sine wave shaper

Discussion in 'Homework Help' started by lalalu, Aug 17, 2009.

  1. lalalu

    lalalu Thread Starter New Member

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    Hello all

    I am having trouble understanding a waveform shaping circuit that I found on the internet. [​IMG]

    My task is to generate a sine wave (adjustable low frequency range). My plan is to use a vco to generate triangular wave and then change it into a sine wave. I was thinking of using the breakpoint method, and then I found this circuit.

    So my question is what is the purpose of the opamp at the end? To smoothen the peak? or is this just aa normal feedback circuit. I also didnt get how the diodes work here, is this just a clipper circuit? I simulated the circuit in spice and found out that the circuit works just fine with only 2 diodes and 1 resistor (+side). Weird
    [​IMG]

    Anyway I would appreciate it if someone could explain to me how the circuit work, or at least just the name of the circuit. Searching sine wave shaper blindly these past few days didnt yield much result. Thank you
  2. jlcstrat

    jlcstrat Active Member

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    It would appear the opamp is just used to amplify the signal...The diodes clip the signal to give it more of a sinusoidal shape...I'm only a student myself, but that would be my best guess
  3. bertus

    bertus Administrator Staff Member

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    Hello,

    The wave shape uses a kind of multiple break points to convert the triangle to a sinawave.
    In the two attached PDF's you will find wave shapers with diodes too.

    Greetings,
    Bertus

    Attached Files:

    umarfarooqleo likes this.
  4. Bill_Marsden

    Bill_Marsden Moderator Staff Member

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  5. Audioguru

    Audioguru New Member

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    A ICL8038 and an XR2206 function generator IC uses multiple breakpoints with diodes to convert a triangle wave into a sine-wave with horrible distortion.

    The circuit that has only three breakpoints is much worse.
  6. Ron H

    Ron H E-book Developer

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    The eyeball is not a great harmonic distortion analyzer.
  7. lalalu

    lalalu Thread Starter New Member

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    Ok thanks guys for the speedy response. Especially Brutus :).

    The pdfs link helps a lot.
  8. Bill_Marsden

    Bill_Marsden Moderator Staff Member

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    Amen! Makes you appriciate HP equipment when you have access to it.
  9. Audioguru

    Audioguru New Member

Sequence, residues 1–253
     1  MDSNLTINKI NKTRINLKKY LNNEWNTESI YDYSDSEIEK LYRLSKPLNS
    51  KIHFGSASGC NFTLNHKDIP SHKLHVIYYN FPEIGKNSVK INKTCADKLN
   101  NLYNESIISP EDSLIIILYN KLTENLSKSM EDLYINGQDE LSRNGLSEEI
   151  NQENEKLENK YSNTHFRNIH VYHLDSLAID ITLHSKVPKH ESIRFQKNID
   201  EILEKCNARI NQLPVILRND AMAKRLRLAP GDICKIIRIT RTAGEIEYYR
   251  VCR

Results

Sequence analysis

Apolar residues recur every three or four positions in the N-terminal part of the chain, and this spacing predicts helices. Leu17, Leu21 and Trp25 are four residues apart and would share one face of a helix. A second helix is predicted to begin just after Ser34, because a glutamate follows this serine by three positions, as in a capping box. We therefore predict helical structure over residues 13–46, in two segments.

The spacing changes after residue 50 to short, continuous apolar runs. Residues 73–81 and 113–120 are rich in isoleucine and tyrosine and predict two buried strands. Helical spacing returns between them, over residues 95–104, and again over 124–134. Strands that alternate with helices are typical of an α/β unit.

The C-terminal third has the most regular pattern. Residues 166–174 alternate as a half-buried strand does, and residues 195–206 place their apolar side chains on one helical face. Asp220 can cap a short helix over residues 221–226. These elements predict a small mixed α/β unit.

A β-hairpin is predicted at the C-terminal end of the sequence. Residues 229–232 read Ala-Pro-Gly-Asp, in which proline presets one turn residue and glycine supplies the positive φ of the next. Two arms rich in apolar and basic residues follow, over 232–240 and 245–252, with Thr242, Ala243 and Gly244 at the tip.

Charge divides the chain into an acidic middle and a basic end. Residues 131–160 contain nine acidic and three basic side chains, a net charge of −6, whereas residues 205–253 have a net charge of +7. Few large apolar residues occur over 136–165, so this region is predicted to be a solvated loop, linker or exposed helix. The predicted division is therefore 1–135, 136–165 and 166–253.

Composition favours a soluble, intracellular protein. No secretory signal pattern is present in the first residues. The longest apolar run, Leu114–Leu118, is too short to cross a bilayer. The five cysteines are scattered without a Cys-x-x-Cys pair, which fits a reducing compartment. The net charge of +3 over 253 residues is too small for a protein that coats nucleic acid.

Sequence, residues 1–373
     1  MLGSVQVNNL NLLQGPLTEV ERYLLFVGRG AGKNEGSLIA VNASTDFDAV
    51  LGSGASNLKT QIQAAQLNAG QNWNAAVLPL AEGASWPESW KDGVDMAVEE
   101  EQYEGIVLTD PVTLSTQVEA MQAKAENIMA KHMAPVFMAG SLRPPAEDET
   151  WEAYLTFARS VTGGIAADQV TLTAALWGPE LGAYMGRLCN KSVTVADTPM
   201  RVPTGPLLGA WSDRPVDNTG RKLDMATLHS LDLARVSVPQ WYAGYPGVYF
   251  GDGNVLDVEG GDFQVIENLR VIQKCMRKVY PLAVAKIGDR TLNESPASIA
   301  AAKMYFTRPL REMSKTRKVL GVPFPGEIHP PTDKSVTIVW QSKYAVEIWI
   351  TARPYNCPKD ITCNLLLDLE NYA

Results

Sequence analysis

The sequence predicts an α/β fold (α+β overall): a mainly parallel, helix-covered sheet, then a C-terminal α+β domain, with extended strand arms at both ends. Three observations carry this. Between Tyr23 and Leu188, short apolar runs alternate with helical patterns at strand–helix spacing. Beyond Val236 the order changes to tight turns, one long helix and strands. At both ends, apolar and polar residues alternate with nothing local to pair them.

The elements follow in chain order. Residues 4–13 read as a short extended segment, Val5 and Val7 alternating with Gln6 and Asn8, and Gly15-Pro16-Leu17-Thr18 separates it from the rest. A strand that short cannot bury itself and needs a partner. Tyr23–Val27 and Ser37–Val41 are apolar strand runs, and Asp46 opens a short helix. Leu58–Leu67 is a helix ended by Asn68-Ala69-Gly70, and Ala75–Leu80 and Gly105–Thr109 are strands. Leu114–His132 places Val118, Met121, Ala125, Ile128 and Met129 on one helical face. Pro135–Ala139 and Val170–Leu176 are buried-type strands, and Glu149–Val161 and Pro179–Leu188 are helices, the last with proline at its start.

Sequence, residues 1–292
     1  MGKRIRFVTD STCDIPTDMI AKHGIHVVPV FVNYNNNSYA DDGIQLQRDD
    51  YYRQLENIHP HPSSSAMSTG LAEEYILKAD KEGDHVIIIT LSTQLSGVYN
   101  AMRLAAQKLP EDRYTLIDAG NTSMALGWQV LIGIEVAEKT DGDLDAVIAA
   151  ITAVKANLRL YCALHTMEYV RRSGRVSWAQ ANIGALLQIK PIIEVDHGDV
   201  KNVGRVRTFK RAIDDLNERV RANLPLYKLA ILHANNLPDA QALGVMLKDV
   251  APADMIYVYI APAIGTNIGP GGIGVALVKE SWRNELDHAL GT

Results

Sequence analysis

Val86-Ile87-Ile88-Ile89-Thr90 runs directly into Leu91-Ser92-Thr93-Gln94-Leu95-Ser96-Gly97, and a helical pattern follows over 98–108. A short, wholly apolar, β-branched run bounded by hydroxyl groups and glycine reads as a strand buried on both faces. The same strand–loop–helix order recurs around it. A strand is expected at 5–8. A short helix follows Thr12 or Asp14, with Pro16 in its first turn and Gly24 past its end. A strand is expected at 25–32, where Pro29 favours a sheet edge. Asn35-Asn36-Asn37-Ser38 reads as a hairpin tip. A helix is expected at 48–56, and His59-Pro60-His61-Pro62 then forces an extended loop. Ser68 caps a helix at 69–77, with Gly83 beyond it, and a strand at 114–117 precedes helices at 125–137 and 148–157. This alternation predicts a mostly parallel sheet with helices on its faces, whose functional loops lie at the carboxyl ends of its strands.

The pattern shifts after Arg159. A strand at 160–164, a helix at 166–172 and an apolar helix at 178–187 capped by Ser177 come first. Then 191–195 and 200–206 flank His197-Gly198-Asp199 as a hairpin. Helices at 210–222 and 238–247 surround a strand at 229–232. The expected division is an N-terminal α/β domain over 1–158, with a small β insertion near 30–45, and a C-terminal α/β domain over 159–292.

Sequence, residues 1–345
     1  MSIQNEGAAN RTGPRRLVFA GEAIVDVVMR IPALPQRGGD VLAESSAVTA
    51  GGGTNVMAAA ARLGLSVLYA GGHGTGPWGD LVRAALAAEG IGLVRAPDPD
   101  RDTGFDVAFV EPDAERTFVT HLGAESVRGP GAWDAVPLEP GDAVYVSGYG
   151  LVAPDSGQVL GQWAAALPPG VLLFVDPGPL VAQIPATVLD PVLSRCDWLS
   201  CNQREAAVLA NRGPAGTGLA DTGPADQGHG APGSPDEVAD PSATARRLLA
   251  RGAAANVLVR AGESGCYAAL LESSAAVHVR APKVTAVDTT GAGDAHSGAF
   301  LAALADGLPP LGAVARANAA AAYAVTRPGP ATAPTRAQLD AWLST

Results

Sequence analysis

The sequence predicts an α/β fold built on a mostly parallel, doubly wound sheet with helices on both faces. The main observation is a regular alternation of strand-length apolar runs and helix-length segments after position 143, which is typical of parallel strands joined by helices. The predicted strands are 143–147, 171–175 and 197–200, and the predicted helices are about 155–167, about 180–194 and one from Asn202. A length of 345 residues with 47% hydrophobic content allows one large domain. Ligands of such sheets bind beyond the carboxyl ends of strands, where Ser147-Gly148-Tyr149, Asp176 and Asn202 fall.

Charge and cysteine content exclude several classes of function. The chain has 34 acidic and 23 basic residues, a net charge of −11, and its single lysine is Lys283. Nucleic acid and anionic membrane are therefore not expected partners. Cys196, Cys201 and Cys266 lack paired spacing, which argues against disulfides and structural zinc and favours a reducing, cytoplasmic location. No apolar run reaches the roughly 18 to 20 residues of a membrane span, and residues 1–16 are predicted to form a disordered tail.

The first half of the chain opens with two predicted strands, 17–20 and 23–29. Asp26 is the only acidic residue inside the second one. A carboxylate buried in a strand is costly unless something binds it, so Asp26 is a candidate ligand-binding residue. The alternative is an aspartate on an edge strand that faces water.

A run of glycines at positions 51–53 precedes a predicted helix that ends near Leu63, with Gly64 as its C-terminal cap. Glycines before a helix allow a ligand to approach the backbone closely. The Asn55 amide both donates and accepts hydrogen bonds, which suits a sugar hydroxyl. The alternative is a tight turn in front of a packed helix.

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    You don't need an HP distortion analyser when the distortion is as high as the sine-wave made with a few breakpoints. You can hear the buzzing distortion.
  10. Ron H

    Ron H E-book Developer

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    I was thinking more about the sine-like shape. All that golders is not glist, etc.
  11. Audioguru

    Audioguru New Member

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    A Cmos digital inverter that is self-biased can be used to smooth a triangle-wave into a pretty good looking sine-wave but its even harmonics are not as low as they should be.
    The inverter "compresses" the peaks of the triangle-wave.
  12. danny2

    danny2 New Member

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    by setting the Vsin is 50Hz,and VAMPL is 14V,AC=10V passing through the 1k ohm resistor.what is the frequency spectrum should be?is my simulate correct?

    Attached Files:

  13. Bill_Marsden

    Bill_Marsden Moderator Staff Member

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  14. danny2

    danny2 New Member

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    ops..ya.wrong post.
  15. danny2

    danny2 New Member

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    how to generate the 50Hz frequency of this sine waveform?

    i had connect triangular waveform circuit to your circuit,i get the frequency of the 100Hz at the output of U3 in the schematic.

    i have done the calculation for the triangular generator.the formular is F=R1/4(C1)(R9)(R3).the value for R1=100k,C1=0.1u,R9=417k,R3=12k,the frequency obtain is 50Hz,but then when i simulate this circuit,i get the sinewave of 100Hz,doen't it suppose to follow the triangular frequency?I need help on this.

    Attached Files:

    • sine.JPG
      sine.JPG
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  16. Audioguru

    Audioguru New Member

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    Why do you have so many threads about this same circuit?
  17. danny2

    danny2 New Member

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    am i?i only create 1 topic on this matter.
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